Change in high school math depends a great deal on policies, practices, and norms at the higher education level. To better understand this topic, researchers from the Community College Research Center (CCRC) and the Education Strategy Group (ESG) conducted interviews with representatives from national secondary math education organizations as well as individuals from each of three states—Georgia, Texas, and Washington—who are engaged in efforts to reform high school math. The interviewees are affiliated with Launch Years, an initiative aimed at helping states and school systems change the structure and content of secondary math coursework.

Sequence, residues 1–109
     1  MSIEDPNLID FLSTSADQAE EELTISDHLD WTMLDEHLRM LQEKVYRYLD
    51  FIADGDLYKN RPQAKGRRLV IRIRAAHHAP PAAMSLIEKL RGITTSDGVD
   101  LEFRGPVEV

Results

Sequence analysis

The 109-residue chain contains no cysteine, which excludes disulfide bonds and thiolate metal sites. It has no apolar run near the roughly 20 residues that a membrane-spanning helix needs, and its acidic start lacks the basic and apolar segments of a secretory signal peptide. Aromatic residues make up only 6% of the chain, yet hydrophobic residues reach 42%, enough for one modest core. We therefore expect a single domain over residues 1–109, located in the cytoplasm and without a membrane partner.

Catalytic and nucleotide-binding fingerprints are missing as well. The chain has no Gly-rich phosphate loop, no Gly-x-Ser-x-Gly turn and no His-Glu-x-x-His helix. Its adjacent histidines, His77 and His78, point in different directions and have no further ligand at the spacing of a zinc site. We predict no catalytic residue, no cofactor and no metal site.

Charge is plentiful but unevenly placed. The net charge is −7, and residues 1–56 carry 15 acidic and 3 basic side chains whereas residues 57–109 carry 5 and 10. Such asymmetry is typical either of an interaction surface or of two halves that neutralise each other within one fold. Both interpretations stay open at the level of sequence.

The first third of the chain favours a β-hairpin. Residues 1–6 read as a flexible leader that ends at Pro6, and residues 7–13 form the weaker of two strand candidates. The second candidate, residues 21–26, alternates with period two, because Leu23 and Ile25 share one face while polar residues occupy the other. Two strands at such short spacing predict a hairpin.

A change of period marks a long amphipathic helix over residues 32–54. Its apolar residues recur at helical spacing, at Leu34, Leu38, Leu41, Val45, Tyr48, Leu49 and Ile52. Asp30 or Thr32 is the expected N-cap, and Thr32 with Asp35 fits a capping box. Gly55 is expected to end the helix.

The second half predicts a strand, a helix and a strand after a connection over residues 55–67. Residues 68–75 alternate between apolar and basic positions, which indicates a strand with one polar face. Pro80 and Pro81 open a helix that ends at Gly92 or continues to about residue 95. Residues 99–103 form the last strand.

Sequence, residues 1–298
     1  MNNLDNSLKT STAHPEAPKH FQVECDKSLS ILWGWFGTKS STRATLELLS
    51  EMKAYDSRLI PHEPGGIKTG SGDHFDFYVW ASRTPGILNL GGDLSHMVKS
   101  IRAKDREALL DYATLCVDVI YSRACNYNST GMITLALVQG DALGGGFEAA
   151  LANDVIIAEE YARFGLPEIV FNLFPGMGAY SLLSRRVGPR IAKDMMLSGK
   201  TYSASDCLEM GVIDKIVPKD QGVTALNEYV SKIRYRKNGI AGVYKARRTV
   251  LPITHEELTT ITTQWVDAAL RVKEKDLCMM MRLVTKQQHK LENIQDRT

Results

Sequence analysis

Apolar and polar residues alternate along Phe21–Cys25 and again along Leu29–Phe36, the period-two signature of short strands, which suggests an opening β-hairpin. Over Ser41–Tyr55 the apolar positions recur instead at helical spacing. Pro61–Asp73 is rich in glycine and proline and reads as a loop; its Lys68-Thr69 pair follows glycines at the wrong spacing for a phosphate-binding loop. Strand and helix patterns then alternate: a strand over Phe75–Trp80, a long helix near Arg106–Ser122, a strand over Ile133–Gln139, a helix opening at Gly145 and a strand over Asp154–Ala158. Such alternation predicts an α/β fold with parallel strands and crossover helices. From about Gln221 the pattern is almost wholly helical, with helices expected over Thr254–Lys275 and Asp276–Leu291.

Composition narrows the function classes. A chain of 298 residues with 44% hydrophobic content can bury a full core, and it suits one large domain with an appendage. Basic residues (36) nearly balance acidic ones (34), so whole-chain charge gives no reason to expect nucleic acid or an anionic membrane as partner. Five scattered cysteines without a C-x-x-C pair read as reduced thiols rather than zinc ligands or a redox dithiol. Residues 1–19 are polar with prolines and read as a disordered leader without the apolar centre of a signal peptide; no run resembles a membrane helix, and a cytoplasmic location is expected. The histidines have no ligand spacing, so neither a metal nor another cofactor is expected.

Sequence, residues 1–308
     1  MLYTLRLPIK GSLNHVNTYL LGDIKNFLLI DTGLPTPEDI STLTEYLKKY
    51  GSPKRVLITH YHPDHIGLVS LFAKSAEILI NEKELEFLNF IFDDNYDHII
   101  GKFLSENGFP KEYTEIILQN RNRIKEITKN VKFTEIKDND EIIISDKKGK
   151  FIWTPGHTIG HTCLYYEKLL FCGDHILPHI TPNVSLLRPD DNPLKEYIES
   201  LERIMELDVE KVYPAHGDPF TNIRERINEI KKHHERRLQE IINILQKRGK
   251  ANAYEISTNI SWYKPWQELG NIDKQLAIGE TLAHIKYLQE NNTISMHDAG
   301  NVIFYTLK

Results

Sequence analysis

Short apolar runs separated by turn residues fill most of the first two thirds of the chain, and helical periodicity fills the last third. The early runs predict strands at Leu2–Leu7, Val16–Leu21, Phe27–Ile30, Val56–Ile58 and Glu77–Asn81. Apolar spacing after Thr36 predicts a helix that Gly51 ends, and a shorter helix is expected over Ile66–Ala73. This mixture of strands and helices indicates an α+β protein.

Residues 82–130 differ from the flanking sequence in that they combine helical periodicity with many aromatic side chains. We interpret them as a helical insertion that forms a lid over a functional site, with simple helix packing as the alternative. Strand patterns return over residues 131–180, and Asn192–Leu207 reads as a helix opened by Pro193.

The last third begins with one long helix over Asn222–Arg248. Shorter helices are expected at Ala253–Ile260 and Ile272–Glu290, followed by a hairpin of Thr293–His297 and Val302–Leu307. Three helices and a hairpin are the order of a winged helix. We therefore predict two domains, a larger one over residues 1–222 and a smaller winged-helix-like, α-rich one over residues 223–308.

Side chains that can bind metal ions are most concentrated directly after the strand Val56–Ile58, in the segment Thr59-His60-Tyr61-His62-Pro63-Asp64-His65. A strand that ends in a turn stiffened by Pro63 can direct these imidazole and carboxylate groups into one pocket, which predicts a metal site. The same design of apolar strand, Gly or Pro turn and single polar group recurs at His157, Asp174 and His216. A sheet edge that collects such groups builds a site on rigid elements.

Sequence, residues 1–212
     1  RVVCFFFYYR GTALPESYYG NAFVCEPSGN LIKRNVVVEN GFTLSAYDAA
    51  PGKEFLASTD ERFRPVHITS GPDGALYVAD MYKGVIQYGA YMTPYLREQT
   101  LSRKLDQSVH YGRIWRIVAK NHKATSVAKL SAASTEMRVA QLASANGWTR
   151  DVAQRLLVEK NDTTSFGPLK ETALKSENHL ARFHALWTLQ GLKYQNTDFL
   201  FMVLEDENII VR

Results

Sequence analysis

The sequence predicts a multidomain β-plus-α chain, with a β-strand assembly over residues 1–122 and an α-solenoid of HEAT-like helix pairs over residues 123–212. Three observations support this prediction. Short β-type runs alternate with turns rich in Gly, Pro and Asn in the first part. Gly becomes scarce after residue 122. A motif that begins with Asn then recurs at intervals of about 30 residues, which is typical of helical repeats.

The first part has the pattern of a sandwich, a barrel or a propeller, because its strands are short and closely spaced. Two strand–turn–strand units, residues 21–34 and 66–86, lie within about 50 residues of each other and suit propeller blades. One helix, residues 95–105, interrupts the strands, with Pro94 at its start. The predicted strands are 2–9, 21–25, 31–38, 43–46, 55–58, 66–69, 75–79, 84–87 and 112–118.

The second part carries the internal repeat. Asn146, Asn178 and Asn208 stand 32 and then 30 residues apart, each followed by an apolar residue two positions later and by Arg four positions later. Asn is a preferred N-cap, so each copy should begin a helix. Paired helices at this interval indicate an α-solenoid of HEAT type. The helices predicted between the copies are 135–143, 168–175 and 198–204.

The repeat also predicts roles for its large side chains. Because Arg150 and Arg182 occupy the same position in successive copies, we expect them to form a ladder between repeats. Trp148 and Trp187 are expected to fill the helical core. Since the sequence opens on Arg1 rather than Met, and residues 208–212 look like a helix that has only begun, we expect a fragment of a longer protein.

The authors describe several domains of higher education practice that tend to present challenges to high school math reform. They discuss potential solutions to these challenges and consider ways that higher education can facilitate high school reform efforts. The authors then present short case studies of secondary math reform efforts in the three states (all of which have also undertaken math pathways reforms—at least to some extent—at the college level) with a focus on the influence of higher education in effecting change. The report concludes with a brief discussion of an overarching theme central to much of this work: the importance of sustained conversation and collaboration between math educators and administrators from both sectors.